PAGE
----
Shame is a toxic emotion that is felt when a social norm an individual perceives, is violated. When shame is felt, despair often follows. Marriage is a normative age old social relational construct that is violated and called into question when a divorce occurs. As marriage is highly valued in society, divorce is transgression of a social norm – and no matter how you cut it, shame is inherently associated with divorce. Shame’s close cousin is guilt, and guilt soon follows.
What happens with shame, different from guilt is that shame is primarily internal. It is an “I” emotion, whereas guilt is often more about how we may have hurt another person’s emotion. With divorce, the shame comes with the perceived failure – which is an internal narrative. The guilt that often follows is related to children and family. Guilt is attached to a divorce, and untangeleing of a life may hurt and impact a family.
Shame also leads to depression and anxiety – which is very common among people that are going through the divorce transition. Shame leads people to believe that they are not worthy of love, they are not enough, not worthy of belonging. What is most dangerous about shame, is that it is an emotion that has real staying power. Different from guilt — with guilt we can apologize or take action to correct a transgression. It is much easier to apologize for a transgression than to accept oneself which in order to release shame which is what one must be willing to do.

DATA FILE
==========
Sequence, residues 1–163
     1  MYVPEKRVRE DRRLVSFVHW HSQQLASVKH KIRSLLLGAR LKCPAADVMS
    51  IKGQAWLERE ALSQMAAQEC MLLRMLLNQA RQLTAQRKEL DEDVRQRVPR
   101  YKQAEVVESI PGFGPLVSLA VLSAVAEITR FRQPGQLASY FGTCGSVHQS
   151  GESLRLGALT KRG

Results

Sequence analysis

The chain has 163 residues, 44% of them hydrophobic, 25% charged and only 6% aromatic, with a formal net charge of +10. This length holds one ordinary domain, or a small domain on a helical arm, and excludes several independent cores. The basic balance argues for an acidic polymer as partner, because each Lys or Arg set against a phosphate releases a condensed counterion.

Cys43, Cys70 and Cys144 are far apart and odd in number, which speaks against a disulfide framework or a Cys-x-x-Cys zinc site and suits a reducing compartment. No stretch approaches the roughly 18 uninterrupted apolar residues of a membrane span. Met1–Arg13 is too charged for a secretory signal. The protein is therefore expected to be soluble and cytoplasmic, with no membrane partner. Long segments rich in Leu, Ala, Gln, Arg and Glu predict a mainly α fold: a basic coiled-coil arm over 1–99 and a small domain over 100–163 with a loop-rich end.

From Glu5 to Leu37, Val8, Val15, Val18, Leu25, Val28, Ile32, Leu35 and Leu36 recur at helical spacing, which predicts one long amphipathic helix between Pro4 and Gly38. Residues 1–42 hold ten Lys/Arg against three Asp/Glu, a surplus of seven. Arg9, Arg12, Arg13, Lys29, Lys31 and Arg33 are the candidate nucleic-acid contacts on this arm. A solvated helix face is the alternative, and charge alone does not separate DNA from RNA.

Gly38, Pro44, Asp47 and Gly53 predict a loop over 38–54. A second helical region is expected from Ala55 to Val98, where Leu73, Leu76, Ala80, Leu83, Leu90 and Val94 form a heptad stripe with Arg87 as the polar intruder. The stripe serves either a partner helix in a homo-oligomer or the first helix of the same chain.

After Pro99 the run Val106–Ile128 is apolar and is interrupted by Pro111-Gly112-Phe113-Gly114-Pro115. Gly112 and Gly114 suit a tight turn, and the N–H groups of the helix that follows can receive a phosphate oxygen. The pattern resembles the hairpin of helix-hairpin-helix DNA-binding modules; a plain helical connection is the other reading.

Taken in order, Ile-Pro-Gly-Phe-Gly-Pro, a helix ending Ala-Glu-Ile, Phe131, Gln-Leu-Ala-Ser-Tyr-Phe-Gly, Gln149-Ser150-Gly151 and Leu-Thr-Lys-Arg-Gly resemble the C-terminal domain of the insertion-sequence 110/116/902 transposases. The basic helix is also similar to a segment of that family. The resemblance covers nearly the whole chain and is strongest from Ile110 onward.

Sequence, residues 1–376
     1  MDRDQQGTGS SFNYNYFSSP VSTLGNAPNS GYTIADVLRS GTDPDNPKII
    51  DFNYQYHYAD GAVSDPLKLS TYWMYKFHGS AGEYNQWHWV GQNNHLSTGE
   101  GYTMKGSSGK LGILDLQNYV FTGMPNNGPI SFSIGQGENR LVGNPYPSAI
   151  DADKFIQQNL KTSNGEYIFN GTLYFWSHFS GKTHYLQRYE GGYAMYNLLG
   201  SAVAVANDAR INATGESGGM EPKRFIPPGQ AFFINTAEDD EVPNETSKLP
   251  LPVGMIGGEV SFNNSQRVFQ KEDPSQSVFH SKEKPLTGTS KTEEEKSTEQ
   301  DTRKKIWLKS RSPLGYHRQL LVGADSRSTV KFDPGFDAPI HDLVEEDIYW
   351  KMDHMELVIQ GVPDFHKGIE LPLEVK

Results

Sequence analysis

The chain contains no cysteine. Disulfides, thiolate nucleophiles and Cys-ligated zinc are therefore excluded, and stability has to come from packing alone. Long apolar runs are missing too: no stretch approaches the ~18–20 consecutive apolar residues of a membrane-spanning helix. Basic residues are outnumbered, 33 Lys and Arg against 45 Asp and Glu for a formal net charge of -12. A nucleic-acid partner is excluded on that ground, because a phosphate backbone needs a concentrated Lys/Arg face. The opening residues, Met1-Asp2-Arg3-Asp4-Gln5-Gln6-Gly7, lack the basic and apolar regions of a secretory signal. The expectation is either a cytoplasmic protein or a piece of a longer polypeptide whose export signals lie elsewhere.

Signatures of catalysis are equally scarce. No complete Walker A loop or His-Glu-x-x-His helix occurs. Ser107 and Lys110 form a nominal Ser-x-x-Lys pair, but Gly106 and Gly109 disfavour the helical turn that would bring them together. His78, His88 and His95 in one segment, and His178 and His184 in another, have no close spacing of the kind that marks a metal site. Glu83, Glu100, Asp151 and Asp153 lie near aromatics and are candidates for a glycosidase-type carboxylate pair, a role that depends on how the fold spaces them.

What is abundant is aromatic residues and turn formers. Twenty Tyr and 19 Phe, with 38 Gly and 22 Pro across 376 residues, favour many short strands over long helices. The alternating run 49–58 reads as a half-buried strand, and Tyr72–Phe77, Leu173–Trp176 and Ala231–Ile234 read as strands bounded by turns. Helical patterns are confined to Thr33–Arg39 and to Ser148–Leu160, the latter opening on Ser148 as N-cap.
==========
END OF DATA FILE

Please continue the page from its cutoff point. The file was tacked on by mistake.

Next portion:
Because of the corrosive nature of shame, the most important and most healing approach is to face it with courage – to speak it, to separate it from yourself, recognize your triggers and make connections.
When we speak of it, we take our power back and away from shame. The less we talk about it, the more power it has over us. The more awareness we cultivate around shame, the less power the emotion of shame has over us. To get beyond shame, we must talk about it with trusted people in our lives, ones that love us despite our imperfections. When feelings of shame are greeted with empathy and compassion, we can then put them in perspective and begin to heal from them.
Separating ourselves from feelings of shame is another key to healing the burden of shame. By understanding the core of the emotion that led us to the weight of shame, we can possibly release the inaccurate label we have attached to ourselves in the process.